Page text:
Health & Medicine

Set your new year’s fitness goal low and then make it a 2017 habit

Tricia SirLouis, a holistic fitness specialist and certified personal trainer, works at Baptist HealthwoRx.
Tricia SirLouis, a holistic fitness specialist and certified personal trainer, works at Baptist HealthwoRx.

Got a fitness resolution? Make it stick this year.

The new year is upon us, and with it often comes New Year’s resolutions. Fitness and weight loss generally top the list.

How did that work out for you last year? And the year before? So many of us have great intentions yet fail to follow through. We know the importance of improving our fitness, and yet we never take action.

How about moving past this inertia by making exercise part of your life rather than a New Year’s resolution? How about incorporating fitness into your daily routine so that it is equivalent to brushing your teeth, something you do out of habit?

Start by finding something you enjoy. If you hate the treadmill, don’t get on one. If you love music and dance, take up Zumba. Explore the many options out there, and see what lights you up.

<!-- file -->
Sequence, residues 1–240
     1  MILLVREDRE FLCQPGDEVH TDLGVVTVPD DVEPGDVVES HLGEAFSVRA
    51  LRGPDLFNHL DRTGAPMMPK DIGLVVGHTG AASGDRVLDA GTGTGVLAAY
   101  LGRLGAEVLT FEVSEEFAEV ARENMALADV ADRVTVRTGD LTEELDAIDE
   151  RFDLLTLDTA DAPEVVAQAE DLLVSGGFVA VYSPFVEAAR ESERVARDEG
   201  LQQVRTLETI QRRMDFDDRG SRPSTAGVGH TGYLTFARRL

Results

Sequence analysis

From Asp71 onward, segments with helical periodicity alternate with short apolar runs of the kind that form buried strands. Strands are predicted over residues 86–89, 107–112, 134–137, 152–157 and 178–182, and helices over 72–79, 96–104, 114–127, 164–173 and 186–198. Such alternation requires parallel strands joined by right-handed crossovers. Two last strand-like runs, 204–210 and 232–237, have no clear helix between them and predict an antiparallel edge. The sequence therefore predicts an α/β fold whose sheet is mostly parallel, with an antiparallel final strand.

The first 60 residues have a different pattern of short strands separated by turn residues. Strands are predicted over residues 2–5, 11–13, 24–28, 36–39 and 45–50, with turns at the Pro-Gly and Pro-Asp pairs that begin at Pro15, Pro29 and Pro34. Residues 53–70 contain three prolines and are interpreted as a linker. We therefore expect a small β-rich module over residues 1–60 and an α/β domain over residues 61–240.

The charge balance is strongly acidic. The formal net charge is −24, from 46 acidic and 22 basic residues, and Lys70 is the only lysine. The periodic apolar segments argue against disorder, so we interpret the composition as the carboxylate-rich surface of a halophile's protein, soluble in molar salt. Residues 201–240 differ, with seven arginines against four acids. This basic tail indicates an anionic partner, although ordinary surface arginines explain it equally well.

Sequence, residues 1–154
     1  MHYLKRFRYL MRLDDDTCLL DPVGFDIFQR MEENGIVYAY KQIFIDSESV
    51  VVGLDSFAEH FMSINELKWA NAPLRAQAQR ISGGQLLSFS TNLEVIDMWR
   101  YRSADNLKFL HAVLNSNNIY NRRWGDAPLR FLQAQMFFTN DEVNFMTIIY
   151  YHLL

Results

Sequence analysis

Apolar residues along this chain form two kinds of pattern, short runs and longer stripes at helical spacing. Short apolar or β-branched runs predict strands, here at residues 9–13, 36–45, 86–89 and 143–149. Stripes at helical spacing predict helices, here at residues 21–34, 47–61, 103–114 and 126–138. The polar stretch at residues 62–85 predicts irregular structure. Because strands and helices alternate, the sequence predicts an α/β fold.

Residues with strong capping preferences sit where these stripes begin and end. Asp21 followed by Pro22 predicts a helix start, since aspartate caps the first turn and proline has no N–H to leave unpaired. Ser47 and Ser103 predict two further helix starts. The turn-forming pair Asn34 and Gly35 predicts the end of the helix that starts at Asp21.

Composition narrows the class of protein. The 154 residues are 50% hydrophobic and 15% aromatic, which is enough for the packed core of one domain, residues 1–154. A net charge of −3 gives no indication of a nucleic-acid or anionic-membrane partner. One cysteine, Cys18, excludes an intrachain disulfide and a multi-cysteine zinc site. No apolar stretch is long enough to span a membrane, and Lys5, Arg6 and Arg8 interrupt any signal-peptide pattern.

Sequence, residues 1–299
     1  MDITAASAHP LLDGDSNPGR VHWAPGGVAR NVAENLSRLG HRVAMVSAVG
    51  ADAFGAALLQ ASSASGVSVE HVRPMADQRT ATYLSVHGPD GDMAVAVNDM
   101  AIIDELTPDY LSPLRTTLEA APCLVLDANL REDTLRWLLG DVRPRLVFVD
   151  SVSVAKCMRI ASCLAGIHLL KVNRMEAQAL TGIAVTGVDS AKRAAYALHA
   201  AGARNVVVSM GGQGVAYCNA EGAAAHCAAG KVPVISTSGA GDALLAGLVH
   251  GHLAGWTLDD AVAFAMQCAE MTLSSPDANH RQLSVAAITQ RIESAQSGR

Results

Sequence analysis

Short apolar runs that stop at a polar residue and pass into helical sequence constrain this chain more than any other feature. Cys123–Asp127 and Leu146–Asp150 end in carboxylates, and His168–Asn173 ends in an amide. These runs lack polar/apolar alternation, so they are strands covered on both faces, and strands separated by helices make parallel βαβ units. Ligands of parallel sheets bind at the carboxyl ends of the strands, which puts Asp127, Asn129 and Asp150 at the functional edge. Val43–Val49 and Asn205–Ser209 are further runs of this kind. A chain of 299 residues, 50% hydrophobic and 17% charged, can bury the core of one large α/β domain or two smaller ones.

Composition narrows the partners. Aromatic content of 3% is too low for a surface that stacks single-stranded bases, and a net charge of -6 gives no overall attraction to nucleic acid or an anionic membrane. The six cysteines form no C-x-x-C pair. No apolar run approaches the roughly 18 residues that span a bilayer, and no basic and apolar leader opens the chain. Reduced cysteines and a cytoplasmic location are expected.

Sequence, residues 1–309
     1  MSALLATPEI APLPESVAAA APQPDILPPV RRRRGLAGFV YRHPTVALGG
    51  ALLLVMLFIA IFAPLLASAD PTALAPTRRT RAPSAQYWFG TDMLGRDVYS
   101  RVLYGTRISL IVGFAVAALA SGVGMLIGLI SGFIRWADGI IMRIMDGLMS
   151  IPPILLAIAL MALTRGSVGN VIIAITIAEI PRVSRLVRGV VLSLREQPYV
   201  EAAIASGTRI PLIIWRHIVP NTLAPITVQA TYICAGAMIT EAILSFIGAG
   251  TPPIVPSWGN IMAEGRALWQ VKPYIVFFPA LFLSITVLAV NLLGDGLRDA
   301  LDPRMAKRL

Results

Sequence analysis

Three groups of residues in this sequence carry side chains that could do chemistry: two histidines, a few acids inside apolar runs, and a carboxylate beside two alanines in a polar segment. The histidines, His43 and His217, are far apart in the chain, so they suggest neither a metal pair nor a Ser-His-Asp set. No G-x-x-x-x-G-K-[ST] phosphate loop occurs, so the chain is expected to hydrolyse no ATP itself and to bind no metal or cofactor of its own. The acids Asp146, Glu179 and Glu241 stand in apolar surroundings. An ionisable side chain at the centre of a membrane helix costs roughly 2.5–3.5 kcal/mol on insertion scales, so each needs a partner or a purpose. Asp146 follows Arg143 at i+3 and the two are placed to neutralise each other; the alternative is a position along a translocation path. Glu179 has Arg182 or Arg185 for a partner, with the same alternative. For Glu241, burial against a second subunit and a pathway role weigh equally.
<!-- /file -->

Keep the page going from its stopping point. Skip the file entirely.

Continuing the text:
Remember to set the bar low. Yes, I said low. Sure, you could choose CrossFit or some other intense fitness regiment, or participate in a triathlon, but will it become part of your daily life and stay? I tell my clients that completing a marathon is great, but exercising three times a week for the rest of your life is really impressive. It is a habit that will improve your lifelong health.

First, set a goal. If you are a sedentary person, instead of saying you want to jog for 30 minutes regularly, how about starting with walking for seven minutes? Crazy, I know, but hear me out. If you complete seven minutes, you have made your goal, which boosts the reward response in your brain. Also, endorphins will be flowing through your body.

At this point, chances are you will be feeling good about hitting your goal, and you will continue walking. The fact that you exceeded your objective gives you another mental boost. It also reinforces that exercise feels good. We are more likely to continue doing things that feel good and in which we succeed.

Build on it from there. Seven minutes can turn into 12, then 15, then 20. You get the idea. Our brains don’t like radical changes, so it’s difficult to sustain giant steps. Any amount of progress is a win, even if it is just seven minutes. That is seven minutes you were not on the couch.

Tricia SirLouis, a holistic fitness specialist and certified personal trainer, works at Baptist HealthwoRx Fitness and Wellness Center.

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